The treachery in Texas, the secession of Texas, and the arrest of the United States officers and soldiers serving in Texas. Read before the New-York Historical Society, June 25, 1861. By Major J. T. Sprague, U. S. A.

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REBELLION RECORD, 1860-61.

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lic property, and in view of the fact that Texas
was without arms for her defence, the Committee,
under the authority of an ordinance of the Convention,
passed the second of February, 1861,
proceeded to set on foot a plan for obtaining possession
of the United States property, and for the
removal of the United States troops from Texas.
The following is a copy of said ordinance:
Resolution of the Convention conferring Authority
on the Committee of Public Safety.
Resolved, By the people of the State of Texas,
by Delegates in Convention assembled, that should
the Standing Committee of Public Safety deem it
essential to the public safety to appoint Commissioners,
officers or persons, in reference to taking
possession of any of the Federal property, within
the limits of this State, they shall have power to
appoint such, and assign them their duties, and
give them the instructions under which they shall
act; but this power shall only extend to such
cases in which the Committee may deem prompt
action and secrecy absolutely necessary.
That a copy of this resolution, signed by the
President of this Convention, and the appointments
and instructions, signed by the Hon. John
C. Robertson, Chairman of said Committee, shall
be full authority to the person, or persons, acting
under the same, and a full justification for all
acts done in pursuance thereof
Adopted second February, A.D. 1861.
Preparatory to the appointment of officers and
Commissioners, under said ordinance, and to insure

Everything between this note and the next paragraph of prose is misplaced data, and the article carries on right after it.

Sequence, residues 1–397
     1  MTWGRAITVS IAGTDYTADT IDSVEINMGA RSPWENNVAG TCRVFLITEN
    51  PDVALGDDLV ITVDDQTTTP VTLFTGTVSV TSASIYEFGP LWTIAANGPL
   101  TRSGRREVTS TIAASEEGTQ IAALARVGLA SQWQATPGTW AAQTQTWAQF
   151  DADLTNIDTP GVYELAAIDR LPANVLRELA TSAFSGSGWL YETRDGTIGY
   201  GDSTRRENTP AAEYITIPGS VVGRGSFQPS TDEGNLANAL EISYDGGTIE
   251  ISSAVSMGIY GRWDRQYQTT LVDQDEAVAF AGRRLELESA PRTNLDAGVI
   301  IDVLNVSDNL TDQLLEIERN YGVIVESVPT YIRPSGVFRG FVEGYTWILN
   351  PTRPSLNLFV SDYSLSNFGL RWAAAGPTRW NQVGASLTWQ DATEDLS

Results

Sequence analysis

secrecy, as against the enemies of the country,
the following proceedings were had by the
Committee:
On the third of February, 1861, it was moved,
and adopted by the Committee, that all officers,
appointed by this Committee, should be elected
by ballot, and the Commissioners above named
were so elected.
Monday, 4th February, 1861.
The following oath was proposed, and adopted
by the Committee, to be administered to each of
the Committee, and all officers and agents employed
by it:
" I solemnly swear that I will keep secret all
the councils of this Committee, and all their proceedings;
that I will also keep secret all the orders,
resolutions and instructions from them that
may be committed to me; that I will not divulge
them or any of them, to any person whatever,
unless I am authorized to do so by the said Committee.
"I further swear that I will true allegiance
bear to the State of Texas, and faithfully execute
the orders and instructions committed to me by
the Convention, so far as in me lies, so help me,
God."
The Convention, in view of the fact that the
business before the Committee could not be done
during the sitting of the Convention, passed the
following ordinance, requiring them to continue
in session during the recess of the Convention:

Resolution giving Power to the Committee to sit